Farmers market opens (copy)

Pat Poppe (left) and her daughter Julie Shipman (right) both of Mount Vernon speak with True Her at the True Garden flower stand in May 2019 on the opening day for the Mount Vernon Farmers Market. A modified market is set to open for the 2020 season on May 16 with new COVID-19 safety guidelines.

Farmers markets this spring will feel more like open-air grocery stores, without crowds, music or entertainment, and with a fraction of their usual vendors.

The Mount Vernon Farmers Market plans to open for the season on May 16, but with social distancing and other measures to prevent the spread of COVID-19, said market manager Tia Entrikin.

“Shoppers themselves cannot touch anything, only farmers can,” she said. “It will be shopping with your eyes and knowing what you’re going for. It’s not going to be your typical perusing.”

The plan is to allow 20 to 25 shoppers at a time inside the market, which will be held at the Skagit Riverwalk Plaza between Gates and Myrtle streets. Entrance and exits will be one-way only, and those waiting to enter the market will be asked to line up 6 feet apart.

Opening weekend will feature about 10 vendors — only farmers and food producers — but the plan is to slowly add vendors each week, up to a maximum of 18. She said the goal is to space vendor tents 10 feet apart.

In addition, hand-washing stations will be provided on site, and reusable bags will not be accepted to limit the spread of germs.

“It’s a lot more come with your purpose and try to get through,” Entrikin said. “We’re asking that you not bring your kids and just send one person from your family.”

Farmers markets are considered essential businesses, like grocery stores, and are allowed to operate during Gov. Jay Inslee’s “stay home, stay healthy order.” Vendors should be limited to those providing essential services, such as food, according to farmers market guidelines from the state Department of Health.

Flower farmers will be allowed to sell at farmers markets because they are part of the agriculture industry, which is considered essential, according to guidance released last week from the state Department of Agriculture.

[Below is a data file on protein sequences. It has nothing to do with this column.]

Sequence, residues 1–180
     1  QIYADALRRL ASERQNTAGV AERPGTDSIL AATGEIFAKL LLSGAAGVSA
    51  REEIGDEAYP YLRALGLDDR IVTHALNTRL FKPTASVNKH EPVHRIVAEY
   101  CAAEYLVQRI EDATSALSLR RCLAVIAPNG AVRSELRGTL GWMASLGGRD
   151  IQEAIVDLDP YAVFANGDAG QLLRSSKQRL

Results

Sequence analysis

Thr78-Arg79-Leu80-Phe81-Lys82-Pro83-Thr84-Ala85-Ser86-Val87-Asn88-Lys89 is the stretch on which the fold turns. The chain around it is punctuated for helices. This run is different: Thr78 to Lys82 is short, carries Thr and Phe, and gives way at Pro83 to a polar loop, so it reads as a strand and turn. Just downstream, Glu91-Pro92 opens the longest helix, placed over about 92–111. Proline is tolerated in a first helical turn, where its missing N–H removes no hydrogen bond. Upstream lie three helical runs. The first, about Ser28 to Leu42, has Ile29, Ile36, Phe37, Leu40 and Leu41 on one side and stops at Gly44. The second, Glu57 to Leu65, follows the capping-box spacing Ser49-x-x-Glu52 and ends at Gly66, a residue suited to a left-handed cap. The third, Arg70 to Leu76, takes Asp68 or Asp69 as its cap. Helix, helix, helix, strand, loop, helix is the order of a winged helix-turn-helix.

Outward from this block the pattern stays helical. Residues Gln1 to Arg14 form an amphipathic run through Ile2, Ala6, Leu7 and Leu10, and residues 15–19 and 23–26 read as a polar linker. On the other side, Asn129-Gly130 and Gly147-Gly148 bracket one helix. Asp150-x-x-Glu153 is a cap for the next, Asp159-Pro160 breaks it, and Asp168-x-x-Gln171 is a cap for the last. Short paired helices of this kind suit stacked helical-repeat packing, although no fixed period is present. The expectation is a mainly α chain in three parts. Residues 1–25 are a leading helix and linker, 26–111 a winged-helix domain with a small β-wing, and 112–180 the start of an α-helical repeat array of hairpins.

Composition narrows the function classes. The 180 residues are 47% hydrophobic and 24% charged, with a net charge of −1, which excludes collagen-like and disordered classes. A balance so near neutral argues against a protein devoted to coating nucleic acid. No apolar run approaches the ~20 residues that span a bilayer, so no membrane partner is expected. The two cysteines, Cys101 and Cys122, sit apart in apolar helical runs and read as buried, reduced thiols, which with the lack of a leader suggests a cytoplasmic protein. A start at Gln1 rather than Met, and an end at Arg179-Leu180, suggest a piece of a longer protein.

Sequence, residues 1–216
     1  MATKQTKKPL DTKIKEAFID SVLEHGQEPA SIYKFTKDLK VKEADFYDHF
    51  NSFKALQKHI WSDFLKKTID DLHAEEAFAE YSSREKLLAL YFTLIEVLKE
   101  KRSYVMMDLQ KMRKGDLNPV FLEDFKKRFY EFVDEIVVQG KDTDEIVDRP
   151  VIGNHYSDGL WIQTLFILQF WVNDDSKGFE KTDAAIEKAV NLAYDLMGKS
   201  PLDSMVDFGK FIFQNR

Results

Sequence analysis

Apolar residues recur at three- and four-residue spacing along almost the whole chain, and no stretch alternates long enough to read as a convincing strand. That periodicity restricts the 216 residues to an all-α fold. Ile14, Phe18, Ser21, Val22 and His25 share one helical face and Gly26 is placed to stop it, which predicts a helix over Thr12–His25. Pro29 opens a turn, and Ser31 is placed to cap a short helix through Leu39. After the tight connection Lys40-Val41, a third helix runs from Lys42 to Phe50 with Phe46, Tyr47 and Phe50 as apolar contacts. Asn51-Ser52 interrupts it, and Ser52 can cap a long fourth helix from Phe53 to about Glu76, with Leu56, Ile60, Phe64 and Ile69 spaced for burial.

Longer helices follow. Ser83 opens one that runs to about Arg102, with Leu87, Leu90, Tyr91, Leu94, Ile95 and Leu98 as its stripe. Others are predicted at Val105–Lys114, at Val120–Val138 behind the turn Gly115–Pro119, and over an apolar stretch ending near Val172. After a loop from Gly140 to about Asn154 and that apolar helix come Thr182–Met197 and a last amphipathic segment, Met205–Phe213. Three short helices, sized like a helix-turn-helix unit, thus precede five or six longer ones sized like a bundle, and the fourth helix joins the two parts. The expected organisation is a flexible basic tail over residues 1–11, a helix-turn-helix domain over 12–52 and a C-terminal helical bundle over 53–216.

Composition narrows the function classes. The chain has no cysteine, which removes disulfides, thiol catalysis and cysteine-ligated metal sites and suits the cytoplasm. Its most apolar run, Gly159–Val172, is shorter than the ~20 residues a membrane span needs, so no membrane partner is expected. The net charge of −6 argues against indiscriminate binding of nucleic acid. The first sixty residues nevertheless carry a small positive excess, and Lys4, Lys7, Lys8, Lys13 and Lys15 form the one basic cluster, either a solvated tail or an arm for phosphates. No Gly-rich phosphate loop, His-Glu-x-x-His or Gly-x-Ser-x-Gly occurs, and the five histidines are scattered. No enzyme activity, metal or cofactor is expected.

As for artisan vendors selling nonessential items, Entrikin said the market is looking into options for online sales and pickup for those businesses.

The Anacortes Farmers Market has already launched an online storefront and plans to open for the season this Saturday with limited on-site vendors. In addition, hot food vendors will be allowed to provide take-out, said market manager Faye Litzinger.

Litzinger, who is also the manager for the Sedro-Woolley Farmers Market, said the Wednesday farmers market there is set to open May 20 with a safety plan and limited vendors.

All four farmers market in Skagit County — Anacortes, Concrete, Mount Vernon and Sedro-Woolley — participate in SNAP Market Match, a program for Supplemental Nutrition Assistance Program (SNAP) / EBT customers. Markets will match what customers spend at the market with additional dollars to purchase fresh fruits and vegetables.

“(Farmers markets) are a pretty critical source of food for the community,” Litzinger said.

Farmers markets are also a critical part of many farmers’ businesses, said Colleen Donovan, executive director of Washington State Farmers Market Association. The cancellation of Seattle-area farmers markets in March and April has been a blow to many small farms, she said.

{p dir=”ltr”}”I think that there will be some hard consequences of this, but we’re working hard to make sure farms with products are able to reach customers,” she said.

{p dir=”ltr”}Donovan said customers should visualize what new farmers markets will look like — fewer vendors, social distancing and other safety measures.

— Reporter Jacqueline Allison:, 360-416-2145, Twitter: @Jacqueline_SVH

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